Apple’s legal team in a battle of perception

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Apple’s legal team in a battle of perception

Moments before Apple attorney Bruce Sewell stepped out to face hostile Congressional questioning last week, his own lawyer frowned.

“Have you got collar stays?” asked the attorney, Marc Zwillinger. When Sewell confessed no, Zwillinger flipped up his own shirt collar and handed over the stays.

As Sewell told Congress that complying with a government order to unlock a terrorist’s iPhone would “create a risk for everybody who owns an iPhone,” the collar points of his blue shirt were militarily correct.

In a dispute that Apple calls critical to personal liberty and its business, appearance is no small matter. In a dozen cases around the U.S., from the standoff over the phone in San Bernardino, California, to a similar clash in Brooklyn, the stiffening of the company’s anti-surveillance backbone can be traced to Zwillinger, a former government lawyer who is crafting Apple’s response, and Sewell, a veteran intellectual property attorney who was Steve Jobs’ legal enforcer.

The tech giant scored a victory last week when a Brooklyn judge agreed with Zwillinger’s argument that the government is overreaching in demanding access to encrypted iPhones.

“It’s like an end run around the legislative branch to seek this power in the courts,” Zwillinger said, adding that he expects the Brooklyn ruling to have “a significant effect on other cases.”

To press Apple’s side, Sewell, with a 500-strong in-house legal staff of his own, recently assembled a Dream Team that includes a former U.S. solicitor general and a heavyweight Los Angeles media lawyer.

Sewell is known for leading Jobs’s challenge of handset makers the Apple co-founder believed were copying the iPhone. But with little experience in national security, Sewell is counting on Zwillinger to help navigate a case with dramatic worldwide implications. While Apple has a growing group of lawyers who handle government data requests, most deal with licensing, supplier contracts and patent issues.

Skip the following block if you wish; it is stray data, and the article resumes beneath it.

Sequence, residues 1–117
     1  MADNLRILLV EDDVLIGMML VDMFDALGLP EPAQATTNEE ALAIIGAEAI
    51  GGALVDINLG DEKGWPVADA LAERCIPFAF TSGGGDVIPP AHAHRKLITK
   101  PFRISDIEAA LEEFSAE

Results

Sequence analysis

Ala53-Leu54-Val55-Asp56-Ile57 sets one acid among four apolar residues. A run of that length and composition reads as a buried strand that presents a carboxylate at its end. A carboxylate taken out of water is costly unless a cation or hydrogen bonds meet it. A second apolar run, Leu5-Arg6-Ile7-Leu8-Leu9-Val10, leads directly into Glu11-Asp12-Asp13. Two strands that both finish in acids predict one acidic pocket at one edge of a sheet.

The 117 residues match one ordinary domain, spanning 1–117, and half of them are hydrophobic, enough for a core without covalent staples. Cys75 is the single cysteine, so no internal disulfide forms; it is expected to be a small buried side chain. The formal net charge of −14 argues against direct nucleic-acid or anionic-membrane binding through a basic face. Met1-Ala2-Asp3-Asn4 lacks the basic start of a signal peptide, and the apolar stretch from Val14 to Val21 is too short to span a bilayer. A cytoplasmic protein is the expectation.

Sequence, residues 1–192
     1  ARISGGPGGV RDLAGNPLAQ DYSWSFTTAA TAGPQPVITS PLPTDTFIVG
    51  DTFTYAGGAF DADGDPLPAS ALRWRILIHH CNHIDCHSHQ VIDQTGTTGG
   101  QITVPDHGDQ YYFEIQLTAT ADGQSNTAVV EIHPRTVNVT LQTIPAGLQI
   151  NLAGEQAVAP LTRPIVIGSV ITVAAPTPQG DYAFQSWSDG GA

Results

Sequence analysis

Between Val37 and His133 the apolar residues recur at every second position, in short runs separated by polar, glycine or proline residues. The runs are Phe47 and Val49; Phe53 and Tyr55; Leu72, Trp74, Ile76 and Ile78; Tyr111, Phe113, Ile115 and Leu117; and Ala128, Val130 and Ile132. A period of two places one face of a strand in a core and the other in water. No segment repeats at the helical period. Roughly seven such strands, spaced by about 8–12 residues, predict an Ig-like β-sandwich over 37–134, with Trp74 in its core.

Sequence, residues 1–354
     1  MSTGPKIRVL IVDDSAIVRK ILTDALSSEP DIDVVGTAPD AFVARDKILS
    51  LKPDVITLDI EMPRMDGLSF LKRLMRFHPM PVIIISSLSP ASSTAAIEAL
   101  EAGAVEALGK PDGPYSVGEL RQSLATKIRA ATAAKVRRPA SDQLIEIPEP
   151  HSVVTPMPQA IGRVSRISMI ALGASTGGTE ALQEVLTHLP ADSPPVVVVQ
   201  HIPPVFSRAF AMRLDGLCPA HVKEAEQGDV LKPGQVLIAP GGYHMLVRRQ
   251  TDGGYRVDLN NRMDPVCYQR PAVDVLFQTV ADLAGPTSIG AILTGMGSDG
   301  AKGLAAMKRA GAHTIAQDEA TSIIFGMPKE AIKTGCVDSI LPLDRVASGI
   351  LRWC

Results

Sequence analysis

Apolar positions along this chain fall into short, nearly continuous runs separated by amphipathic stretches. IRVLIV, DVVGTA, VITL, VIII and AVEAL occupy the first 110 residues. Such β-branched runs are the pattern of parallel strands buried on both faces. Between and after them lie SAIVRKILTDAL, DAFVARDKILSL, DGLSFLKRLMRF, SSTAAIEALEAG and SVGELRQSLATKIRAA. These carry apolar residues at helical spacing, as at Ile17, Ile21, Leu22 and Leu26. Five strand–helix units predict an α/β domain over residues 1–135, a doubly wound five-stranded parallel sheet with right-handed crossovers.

The two got to know each other during the Brooklyn case. The judge, facing a seemingly mundane request for government access to a drug dealer’s phone, in October asked why he should grant it. Now Sewell and Zwillinger talk, e-mail or text every day, and sometimes every hour.

The challenge for Apple is one of both perception and precedent. Even if U.S. Magistrate Judge Sheri Pym, due to hear arguments in the California case later this month, doesn’t side with Apple, simply waging the battle may help it burnish its reputation with customers as a champion of privacy.

It’s a strategy Sewell deployed not long after joining Apple from Intel. in 2009. Jobs dispatched him to Korea to tell executives at smartphone rival Samsung Electronics all the ways Apple believed its patents were being violated, according to a person familiar with the meeting. The Apple lawyer declined to comment for this story.

When Samsung didn’t change its practices, he advocated going to court, leading to a drawn-out legal fight that spanned several years and multiple countries. (Apple has had many victories in the battle, but not all. Just two weeks ago, it lost an appeals court ruling in one suit, freeing Samsung from paying it $119.6 million; Samsung is also asking the Supreme Court to reject another $399 million it was told to pay in a different case.)

That approach helps frame how Apple is handling the present dispute with the government. According to a colleague who worked on the Samsung lawsuit, Sewell was just as interested in the public relations benefit of a lawsuit portraying Samsung as a copyist as he was in actually prevailing in court.


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